A source of confusion is that there is a transition period while the body is adapting to using fats and ketones instead of glucose as its main fuel. There can be negative symptoms during this period (fatigue, weakness, light-headedness, headaches, mild irritability), but they usually can be eased fairly easily. Most are over by the first week of a ketogenic diet, though some may extend to two weeks. Athletes who closely track their performance may notice more subtle effects up to 6-8 weeks from the start of the diet, and there is some evidence that it may take even longer, up to 12 weeks, for 100% adaptation.
Ketogenic diets are becoming more popular, and for a variety of reasons. In addition to weight loss, they are beginning to be studied as a treatment or prevention for other conditions. They are already well established as a treatment for epilepsy, and researchers are interested in uses for other neurological conditions. A June 2013 paper in the European Journal of Clinical Nutrition listed the following conditions as possibly being helped by ketogenic diets:
- Overweight and Obesity (weight reduction)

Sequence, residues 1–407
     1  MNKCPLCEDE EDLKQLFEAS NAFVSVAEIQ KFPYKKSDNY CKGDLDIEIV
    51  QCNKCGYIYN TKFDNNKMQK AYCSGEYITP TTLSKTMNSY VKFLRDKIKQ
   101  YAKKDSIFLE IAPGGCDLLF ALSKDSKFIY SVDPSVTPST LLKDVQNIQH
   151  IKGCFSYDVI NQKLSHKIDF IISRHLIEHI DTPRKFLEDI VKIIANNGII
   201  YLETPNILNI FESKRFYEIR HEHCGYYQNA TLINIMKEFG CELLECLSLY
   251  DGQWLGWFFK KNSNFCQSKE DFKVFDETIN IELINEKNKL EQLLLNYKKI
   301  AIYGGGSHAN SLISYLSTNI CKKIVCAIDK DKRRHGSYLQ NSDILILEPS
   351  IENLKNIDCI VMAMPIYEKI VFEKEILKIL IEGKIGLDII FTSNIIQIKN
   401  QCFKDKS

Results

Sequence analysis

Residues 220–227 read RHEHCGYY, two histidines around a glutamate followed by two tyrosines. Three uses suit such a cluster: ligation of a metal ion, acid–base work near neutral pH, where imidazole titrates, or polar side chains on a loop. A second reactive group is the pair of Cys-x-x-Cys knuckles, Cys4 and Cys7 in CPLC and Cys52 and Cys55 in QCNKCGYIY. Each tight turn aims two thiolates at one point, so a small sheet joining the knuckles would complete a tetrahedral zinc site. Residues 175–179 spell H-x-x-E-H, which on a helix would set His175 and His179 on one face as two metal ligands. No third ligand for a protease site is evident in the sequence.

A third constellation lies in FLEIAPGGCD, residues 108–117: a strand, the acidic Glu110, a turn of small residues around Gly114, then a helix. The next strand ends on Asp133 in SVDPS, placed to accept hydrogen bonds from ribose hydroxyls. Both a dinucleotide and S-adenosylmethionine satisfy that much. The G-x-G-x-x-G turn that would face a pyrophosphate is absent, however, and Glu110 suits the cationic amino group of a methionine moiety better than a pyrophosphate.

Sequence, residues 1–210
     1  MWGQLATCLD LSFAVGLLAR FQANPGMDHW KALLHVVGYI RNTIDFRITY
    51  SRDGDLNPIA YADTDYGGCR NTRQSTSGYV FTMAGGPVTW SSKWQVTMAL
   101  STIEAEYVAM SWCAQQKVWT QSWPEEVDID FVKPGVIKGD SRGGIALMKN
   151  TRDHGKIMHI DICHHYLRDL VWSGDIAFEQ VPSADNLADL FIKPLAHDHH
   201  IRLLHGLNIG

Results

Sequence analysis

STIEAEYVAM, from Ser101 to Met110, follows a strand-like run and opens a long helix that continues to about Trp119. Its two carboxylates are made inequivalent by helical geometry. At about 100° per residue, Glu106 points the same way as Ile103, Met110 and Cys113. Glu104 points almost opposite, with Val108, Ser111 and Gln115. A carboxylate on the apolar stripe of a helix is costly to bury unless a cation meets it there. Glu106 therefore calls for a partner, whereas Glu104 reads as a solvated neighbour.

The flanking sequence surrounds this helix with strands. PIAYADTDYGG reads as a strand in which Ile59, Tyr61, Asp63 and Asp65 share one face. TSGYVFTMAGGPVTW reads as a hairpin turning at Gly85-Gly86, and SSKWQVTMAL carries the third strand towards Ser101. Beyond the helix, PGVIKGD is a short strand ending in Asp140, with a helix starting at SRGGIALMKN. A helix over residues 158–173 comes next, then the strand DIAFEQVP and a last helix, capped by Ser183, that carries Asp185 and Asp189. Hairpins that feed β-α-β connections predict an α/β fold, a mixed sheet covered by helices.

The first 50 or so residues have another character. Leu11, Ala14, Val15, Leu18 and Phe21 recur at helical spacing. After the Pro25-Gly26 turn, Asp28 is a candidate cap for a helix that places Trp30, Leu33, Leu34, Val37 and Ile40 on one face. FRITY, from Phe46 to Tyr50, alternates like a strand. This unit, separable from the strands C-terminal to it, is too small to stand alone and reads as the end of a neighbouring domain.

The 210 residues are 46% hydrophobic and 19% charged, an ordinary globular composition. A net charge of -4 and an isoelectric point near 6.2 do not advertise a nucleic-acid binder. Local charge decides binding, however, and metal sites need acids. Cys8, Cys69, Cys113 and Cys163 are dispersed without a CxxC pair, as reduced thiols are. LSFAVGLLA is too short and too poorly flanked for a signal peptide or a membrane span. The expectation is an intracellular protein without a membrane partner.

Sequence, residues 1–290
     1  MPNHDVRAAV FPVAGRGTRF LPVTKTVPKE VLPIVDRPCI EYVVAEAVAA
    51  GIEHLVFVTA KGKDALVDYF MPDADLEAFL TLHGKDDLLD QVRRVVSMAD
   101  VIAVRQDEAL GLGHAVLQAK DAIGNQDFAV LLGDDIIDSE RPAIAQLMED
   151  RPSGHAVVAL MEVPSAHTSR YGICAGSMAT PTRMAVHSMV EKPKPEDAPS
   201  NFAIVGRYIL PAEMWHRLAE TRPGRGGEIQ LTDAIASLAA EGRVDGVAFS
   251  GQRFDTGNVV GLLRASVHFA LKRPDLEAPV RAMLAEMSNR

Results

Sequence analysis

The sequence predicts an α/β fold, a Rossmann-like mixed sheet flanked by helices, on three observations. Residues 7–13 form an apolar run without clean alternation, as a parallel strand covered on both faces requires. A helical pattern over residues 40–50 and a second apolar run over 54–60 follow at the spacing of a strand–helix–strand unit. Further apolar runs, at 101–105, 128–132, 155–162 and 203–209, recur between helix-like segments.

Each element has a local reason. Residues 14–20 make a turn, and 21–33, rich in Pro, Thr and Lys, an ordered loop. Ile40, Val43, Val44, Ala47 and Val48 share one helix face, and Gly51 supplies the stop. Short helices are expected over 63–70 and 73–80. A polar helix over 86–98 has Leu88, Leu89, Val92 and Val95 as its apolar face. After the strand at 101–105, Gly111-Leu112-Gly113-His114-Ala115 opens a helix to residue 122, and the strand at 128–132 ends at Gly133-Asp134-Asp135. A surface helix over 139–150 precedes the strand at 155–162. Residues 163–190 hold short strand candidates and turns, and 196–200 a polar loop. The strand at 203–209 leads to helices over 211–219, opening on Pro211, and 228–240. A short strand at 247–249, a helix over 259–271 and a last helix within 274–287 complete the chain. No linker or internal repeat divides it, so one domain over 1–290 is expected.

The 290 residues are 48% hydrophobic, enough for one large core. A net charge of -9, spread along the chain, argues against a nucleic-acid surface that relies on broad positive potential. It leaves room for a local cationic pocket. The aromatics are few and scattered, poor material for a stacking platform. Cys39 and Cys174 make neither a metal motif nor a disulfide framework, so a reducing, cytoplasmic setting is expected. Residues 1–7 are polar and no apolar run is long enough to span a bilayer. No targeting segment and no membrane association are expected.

- Type 2 Diabetes
- Cardiovascular Risk Factors (particularly improving triglycerides, HDL cholesterol, and patterns of LDL cholesterol most associated with arterial plaque)
Emerging Evidence (some evidence with more research in progress)
- Neurological Diseases other than epilepsy, including Parkinson's Disease, Alzheimer's Disease, narcolepsy, brain trauma, and amyotrophic lateral sclerosis
- Polycystic Ovarian Syndrome
- Some types of cancer (especially, perhaps, some types of brain cancer)
In addition, some athletes are experimenting with using a ketogenic diet to enhance endurance.
February 4, 2016
Bad guidelines don't just give bad advice but they also harm science and impede research. The new U.S. Dietary Guidelines are a perfect example of why we need to have fewer, shorter, and better guidelines. Guidelines should be used only when there is overwhelming evidence and near universal consensus.
Many readers are probably already aware of the most obvious kind of harm inflicted by bad guidelines. Bad advice leads to bad actions. The best example of this is that the earlier guidelines demonizing fat and dietary cholesterol. This has played a significant contributing role to the obesity and diabetes epidemic.
But, there is another sort of unintended consequence that is less obvious and rarely discussed, though it may well be equally harmful. By their very nature, the dietary guidelines present the illusion of successful science, the appearance that clarity and understanding has been achieved by the experts. When this happens, science is the victim.
One of the dangers of the dietary guidelines is that they are viewed as a victory by those that put them together. Then with the HHS and USDA putting an official sign of approval on them, all incentives to perform new research is put aside. For many people, looking at the hundreds of footnotes in a guideline, they would be hard pressed to expend more resources on a topic already supposedly well understood and proven.